By using this site, you agree to our updated Privacy Policy and our Terms of Use. Manage your Cookies Settings.
429,214 Members | 2,066 Online
Bytes IT Community
+ Ask a Question
Need help? Post your question and get tips & solutions from a community of 429,214 IT Pros & Developers. It's quick & easy.

A97 table design?

P: n/a
MLH
If I open an A97 table, resort its key-field to descending order and
attempt to close the table, A97 asks me if I wish to save the table
DESIGN? Now really, I don't think the table design is being saved
at all. If so, how does one explain these facts:

1) say I do click Yes to save the table design
2) later I open the table manually and, sure enough, key field is
shown in descending order
3) I run this in debug window... ?DLookup("[KeyField]", "MyTable")

Step 3 returns the value of the FIRST actual record ever entered
into the table - not the last. Obviously, if fundamental table DESIGN
had been saved as implied by the A97 prompt, the last would-a-been
shown. So, A97 is NOT saving a modified version of table design, is
it? Its merely saving a query filter sort. Sound about right?
Nov 13 '05 #1
Share this Question
Share on Google+
6 Replies


P: n/a
Only the table's OrderBy property is being saved.

By definition, records are unordered in a relational database. The fact that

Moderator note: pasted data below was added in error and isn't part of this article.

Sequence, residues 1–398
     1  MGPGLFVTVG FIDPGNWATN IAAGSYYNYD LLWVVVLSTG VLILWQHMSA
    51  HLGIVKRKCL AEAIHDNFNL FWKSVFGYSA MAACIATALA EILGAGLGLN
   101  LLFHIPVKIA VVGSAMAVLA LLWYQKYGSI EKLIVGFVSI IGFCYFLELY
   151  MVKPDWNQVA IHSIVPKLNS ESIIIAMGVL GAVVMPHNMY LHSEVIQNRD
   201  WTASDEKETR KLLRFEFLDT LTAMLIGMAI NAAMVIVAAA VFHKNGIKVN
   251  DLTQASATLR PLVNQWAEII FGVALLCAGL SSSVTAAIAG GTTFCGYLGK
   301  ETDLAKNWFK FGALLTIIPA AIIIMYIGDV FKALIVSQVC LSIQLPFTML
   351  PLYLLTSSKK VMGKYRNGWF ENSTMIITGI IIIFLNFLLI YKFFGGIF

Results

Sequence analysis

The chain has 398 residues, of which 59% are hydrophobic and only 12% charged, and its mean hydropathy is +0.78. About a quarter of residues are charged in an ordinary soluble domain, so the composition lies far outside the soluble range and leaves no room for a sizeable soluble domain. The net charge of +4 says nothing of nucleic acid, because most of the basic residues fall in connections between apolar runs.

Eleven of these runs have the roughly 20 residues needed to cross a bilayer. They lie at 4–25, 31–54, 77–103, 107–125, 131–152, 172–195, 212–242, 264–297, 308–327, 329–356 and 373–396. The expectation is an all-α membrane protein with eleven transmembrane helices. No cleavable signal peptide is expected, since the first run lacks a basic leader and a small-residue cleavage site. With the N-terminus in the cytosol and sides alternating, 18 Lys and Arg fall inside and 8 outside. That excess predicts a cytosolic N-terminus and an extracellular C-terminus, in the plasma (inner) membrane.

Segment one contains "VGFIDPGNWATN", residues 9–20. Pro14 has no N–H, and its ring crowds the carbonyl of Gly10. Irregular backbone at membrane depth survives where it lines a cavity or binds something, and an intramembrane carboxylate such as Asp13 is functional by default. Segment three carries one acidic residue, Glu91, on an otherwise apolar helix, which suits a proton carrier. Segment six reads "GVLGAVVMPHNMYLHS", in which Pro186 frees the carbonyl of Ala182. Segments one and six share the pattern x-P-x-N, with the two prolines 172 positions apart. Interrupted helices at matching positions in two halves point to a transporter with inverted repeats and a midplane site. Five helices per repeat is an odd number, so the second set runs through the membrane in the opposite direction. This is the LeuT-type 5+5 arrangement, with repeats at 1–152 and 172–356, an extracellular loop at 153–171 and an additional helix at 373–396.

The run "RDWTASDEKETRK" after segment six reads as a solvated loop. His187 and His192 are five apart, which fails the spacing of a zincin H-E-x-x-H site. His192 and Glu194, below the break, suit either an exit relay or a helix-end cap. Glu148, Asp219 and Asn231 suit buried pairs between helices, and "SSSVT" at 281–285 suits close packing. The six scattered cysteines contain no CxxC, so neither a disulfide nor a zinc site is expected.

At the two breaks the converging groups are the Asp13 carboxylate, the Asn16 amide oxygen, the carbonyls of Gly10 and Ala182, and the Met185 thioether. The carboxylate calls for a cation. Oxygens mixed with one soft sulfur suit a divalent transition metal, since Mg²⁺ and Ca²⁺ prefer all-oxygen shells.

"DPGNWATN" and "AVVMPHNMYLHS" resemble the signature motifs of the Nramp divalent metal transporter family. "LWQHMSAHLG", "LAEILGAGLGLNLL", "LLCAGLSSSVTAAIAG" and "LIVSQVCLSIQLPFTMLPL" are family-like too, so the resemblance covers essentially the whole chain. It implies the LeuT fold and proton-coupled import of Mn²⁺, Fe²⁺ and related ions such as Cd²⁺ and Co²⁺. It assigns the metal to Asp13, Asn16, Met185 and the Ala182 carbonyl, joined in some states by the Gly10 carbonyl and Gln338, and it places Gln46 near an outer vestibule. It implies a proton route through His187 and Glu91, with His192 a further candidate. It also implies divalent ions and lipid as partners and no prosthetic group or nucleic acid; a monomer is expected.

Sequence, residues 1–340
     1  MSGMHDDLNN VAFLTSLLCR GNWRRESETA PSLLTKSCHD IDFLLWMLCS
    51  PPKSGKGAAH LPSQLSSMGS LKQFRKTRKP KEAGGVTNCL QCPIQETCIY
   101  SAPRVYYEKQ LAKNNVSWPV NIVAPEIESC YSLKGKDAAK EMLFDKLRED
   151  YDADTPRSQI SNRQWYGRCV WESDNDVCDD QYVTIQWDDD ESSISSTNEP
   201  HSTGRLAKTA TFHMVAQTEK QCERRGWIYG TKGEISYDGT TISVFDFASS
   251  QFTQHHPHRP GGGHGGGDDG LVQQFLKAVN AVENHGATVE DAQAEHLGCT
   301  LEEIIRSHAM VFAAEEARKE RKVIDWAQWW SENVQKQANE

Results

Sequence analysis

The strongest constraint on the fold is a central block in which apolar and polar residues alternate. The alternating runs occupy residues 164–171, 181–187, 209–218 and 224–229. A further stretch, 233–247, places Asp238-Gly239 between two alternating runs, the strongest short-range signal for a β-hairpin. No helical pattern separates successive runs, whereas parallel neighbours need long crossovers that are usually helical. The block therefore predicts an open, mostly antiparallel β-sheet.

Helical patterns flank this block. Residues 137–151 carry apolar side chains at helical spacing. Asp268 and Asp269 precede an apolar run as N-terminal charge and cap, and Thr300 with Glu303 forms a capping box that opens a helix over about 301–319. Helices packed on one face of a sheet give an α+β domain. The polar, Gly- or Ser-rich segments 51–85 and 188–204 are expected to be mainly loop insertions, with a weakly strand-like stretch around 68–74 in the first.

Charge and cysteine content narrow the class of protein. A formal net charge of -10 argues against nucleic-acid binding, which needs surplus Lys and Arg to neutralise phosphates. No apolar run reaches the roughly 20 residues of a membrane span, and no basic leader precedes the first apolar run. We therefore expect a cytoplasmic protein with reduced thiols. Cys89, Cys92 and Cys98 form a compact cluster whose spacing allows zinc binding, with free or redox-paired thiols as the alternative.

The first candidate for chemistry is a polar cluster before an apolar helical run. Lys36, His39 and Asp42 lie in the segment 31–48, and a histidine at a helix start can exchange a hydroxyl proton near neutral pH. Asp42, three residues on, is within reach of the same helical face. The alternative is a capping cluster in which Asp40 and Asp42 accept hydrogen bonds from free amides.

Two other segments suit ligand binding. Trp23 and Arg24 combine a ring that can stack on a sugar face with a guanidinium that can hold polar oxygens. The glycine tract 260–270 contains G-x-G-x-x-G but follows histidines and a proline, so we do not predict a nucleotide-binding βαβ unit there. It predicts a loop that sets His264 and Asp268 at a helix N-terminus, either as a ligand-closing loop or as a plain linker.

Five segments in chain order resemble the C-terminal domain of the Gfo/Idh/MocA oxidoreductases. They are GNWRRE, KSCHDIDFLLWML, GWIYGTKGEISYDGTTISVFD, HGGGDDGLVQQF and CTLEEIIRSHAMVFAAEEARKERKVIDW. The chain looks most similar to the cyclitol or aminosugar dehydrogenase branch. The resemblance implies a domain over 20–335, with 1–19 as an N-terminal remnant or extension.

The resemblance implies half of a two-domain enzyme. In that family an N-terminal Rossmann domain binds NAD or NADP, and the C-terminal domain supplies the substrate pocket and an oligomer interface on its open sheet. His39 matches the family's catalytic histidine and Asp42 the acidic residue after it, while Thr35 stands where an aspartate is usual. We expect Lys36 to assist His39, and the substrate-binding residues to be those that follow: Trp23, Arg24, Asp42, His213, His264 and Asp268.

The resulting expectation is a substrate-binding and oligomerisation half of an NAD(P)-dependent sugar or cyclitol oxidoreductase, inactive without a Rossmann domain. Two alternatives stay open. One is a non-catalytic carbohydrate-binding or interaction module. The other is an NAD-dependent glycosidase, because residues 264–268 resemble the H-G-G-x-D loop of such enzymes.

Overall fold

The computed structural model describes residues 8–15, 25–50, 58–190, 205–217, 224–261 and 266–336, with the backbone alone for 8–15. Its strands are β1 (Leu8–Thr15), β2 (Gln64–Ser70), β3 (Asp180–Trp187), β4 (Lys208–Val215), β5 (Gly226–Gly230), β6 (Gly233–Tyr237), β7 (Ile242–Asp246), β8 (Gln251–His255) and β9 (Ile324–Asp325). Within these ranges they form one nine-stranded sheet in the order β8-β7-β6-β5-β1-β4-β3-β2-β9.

Access presents them in primary key order by default is understandable, but
it is outside of what a relational database should do.

A major weakness with DLookup() is that you cannot specify a sort order,
i.e. you take pot luck as to which record is returned if there are multiple
matches. For an extended replacement of DLookup() that solves that problem
by letting you specify the retrieval order, see:
http://allenbrowne.com/ser-42.html

--
Allen Browne - Microsoft MVP. Perth, Western Australia.
Tips for Access users - http://allenbrowne.com/tips.html
Reply to group, rather than allenbrowne at mvps dot org.

"MLH" <CR**@NorthState.net> wrote in message
news:2l********************************@4ax.com...
If I open an A97 table, resort its key-field to descending order and
attempt to close the table, A97 asks me if I wish to save the table
DESIGN? Now really, I don't think the table design is being saved
at all. If so, how does one explain these facts:

1) say I do click Yes to save the table design